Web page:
Consumer confidence has risen at the fastest speed this month since May 1993, according to research published today.
GfK NOP’s latest barometer of consumer sentiment revealed a ten-point jump to -21 in May for its overall confidence index, compared to -31 in April, the largest increase in exactly 18 years.
Every area of measurement saw increases, including perceptions on the general economic situation over the last 12 months which rose 13 points, and people’s outlook on the economy over the next year which rose by 13 points.
Nick Moon, Managing Director of GfK NOP Social Research, commented: “We have seen an almost unprecedented jump in consumer confidence this month.
“May’s figures show the second largest rise ever – only May 1993 was higher, when it improved by 12 points. In the 449 months that the index has been running, single-month movement on this scale – either up or down – has only occurred on ten occasions.”
The general mood of customers seems to have lifted since the sunny bank holidays at the end of April but with the climate for major purchase still -26 on the GfK NOP scale, having risen five points in May, it is probably too early for retailers to expect a sudden surge in spending.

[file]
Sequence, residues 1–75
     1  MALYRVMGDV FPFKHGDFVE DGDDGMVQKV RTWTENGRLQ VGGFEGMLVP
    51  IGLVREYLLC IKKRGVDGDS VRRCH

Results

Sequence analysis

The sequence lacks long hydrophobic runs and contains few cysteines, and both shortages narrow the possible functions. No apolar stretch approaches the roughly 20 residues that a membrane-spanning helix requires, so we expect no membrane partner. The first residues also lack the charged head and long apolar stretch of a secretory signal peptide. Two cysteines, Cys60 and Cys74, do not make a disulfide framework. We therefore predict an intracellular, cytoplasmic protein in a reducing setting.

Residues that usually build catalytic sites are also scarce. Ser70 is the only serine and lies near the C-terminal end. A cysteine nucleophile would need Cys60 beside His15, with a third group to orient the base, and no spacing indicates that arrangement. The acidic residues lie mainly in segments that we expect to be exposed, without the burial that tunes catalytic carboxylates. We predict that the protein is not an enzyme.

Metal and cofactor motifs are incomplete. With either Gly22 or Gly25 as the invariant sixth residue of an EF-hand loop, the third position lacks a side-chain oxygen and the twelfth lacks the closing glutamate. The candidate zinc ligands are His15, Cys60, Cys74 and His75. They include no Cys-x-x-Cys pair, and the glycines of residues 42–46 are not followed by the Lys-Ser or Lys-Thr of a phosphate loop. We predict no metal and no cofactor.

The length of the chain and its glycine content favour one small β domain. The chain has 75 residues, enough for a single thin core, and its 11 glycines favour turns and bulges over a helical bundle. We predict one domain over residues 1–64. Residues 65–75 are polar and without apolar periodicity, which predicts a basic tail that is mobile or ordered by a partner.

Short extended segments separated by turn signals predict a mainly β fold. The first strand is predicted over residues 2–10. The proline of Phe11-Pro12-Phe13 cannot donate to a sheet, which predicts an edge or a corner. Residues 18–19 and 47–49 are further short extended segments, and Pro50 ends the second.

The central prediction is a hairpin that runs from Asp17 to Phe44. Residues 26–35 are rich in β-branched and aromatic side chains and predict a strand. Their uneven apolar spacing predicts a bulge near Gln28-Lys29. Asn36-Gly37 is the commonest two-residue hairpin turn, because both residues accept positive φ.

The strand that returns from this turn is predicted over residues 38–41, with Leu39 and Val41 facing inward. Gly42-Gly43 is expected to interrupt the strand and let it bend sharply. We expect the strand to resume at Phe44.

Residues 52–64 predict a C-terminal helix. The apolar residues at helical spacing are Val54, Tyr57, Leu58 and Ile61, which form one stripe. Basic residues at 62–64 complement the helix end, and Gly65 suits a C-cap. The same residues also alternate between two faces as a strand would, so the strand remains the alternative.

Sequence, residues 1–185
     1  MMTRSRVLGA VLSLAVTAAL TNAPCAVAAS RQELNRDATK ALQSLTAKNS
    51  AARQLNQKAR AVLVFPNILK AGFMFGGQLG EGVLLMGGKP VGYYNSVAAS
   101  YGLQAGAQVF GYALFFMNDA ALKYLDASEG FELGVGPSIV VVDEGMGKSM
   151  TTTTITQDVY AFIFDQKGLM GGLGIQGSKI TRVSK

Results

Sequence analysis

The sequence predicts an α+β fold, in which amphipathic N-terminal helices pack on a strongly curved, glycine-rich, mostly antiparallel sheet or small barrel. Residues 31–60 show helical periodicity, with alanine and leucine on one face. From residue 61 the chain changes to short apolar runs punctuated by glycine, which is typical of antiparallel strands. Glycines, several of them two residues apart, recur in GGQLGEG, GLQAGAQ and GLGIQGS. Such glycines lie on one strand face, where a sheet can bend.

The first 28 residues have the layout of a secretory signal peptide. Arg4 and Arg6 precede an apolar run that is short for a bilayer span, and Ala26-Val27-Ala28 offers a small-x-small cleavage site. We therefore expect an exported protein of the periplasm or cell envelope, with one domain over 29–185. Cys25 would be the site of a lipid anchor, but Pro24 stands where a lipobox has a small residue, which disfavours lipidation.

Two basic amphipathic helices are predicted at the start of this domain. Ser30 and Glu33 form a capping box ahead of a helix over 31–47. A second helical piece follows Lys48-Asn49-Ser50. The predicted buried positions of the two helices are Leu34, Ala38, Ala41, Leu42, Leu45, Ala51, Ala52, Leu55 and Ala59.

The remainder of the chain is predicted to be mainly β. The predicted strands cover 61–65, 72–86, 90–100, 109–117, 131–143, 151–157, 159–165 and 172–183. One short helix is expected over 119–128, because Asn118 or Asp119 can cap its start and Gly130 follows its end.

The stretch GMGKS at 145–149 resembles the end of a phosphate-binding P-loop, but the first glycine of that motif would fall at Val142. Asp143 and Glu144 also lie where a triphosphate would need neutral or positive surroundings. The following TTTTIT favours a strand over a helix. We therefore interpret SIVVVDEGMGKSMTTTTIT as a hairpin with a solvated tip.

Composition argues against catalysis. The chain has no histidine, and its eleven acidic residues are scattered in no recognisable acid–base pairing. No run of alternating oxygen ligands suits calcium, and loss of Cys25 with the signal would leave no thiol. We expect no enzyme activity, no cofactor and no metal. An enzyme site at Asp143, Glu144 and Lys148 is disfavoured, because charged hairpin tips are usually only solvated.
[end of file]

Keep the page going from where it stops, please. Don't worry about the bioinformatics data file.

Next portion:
Overall consumer confidence is still three points behind where it was this month last year, when the country was left in limbo over the general election outcome, and only one metric shows an improvement from 12 months ago.
Unsurprisingly given the return to GDP growth over the last quarter, people’s confidence in the general economic situation over the last 12 months has improved by 13 points since April but by just one point since last year and is still -44.
Moon continued: “But before the businesses celebrate, it should be pointed out that this is just one month’s figure and it is far too early to know whether this could be the start of an upward trend.
“We are improving from a rock bottom position and consumer confidence is still deeply in the negative.
“So, whether the current spring in consumers’ step is due to the feel-good factor of the royal wedding and a double-whammy of sunny bank holidays, or to the recent let-up in negative reporting about the state of the economy, we are not out of the woods.”